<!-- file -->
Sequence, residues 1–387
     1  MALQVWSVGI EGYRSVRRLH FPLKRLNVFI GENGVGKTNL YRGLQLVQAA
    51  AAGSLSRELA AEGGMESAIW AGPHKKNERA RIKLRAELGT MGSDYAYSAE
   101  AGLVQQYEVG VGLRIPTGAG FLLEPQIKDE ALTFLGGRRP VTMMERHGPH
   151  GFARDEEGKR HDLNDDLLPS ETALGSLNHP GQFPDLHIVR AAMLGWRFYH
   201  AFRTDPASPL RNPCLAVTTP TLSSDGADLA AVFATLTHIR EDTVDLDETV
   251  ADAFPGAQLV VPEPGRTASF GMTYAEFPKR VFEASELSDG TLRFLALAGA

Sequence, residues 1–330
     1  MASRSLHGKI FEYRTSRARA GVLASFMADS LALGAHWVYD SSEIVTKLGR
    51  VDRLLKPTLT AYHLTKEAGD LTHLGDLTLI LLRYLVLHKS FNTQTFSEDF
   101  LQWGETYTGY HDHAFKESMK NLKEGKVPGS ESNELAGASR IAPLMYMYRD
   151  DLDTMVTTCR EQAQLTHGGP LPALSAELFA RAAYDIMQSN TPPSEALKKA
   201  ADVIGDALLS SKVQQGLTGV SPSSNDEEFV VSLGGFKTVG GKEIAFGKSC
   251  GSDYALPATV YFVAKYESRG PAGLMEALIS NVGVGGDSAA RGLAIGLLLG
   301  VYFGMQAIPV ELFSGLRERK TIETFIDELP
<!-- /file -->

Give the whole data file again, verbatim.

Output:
Sequence, residues 1–387
     1  MALQVWSVGI EGYRSVRRLH FPLKRLNVFI GENGVGKTNL YRGLQLVQAA
    51  AAGSLSRELA AEGGMESAIW AGPHKKNERA RIKLRAELGT MGSDYAYSAE
   101  AGLVQQYEVG VGLRIPTGAG FLLEPQIKDE ALTFLGGRRP VTMMERHGPH
   151  GFARDEEGKR HDLNDDLLPS ETALGSLNHP GQFPDLHIVR AAMLGWRFYH
   201  AFRTDPASPL RNPCLAVTTP TLSSDGADLA AVFATLTHIR EDTVDLDETV
   251  ADAFPGAQLV VPEPGRTASF GMTYAEFPKR VFEASELSDG TLRFLALAGA

Sequence, residues 1–330
     1  MASRSLHGKI FEYRTSRARA GVLASFMADS LALGAHWVYD SSEIVTKLGR
    51  VDRLLKPTLT AYHLTKEAGD LTHLGDLTLI LLRYLVLHKS FNTQTFSEDF
   101  LQWGETYTGY HDHAFKESMK NLKEGKVPGS ESNELAGASR IAPLMYMYRD
   151  DLDTMVTTCR EQAQLTHGGP LPALSAELFA RAAYDIMQSN TPPSEALKKA
   201  ADVIGDALLS SKVQQGLTGV SPSSNDEEFV VSLGGFKTVG GKEIAFGKSC
   251  GSDYALPATV YFVAKYESRG PAGLMEALIS NVGVGGDSAA RGLAIGLLLG
   301  VYFGMQAIPV ELFSGLRERK TIETFIDELP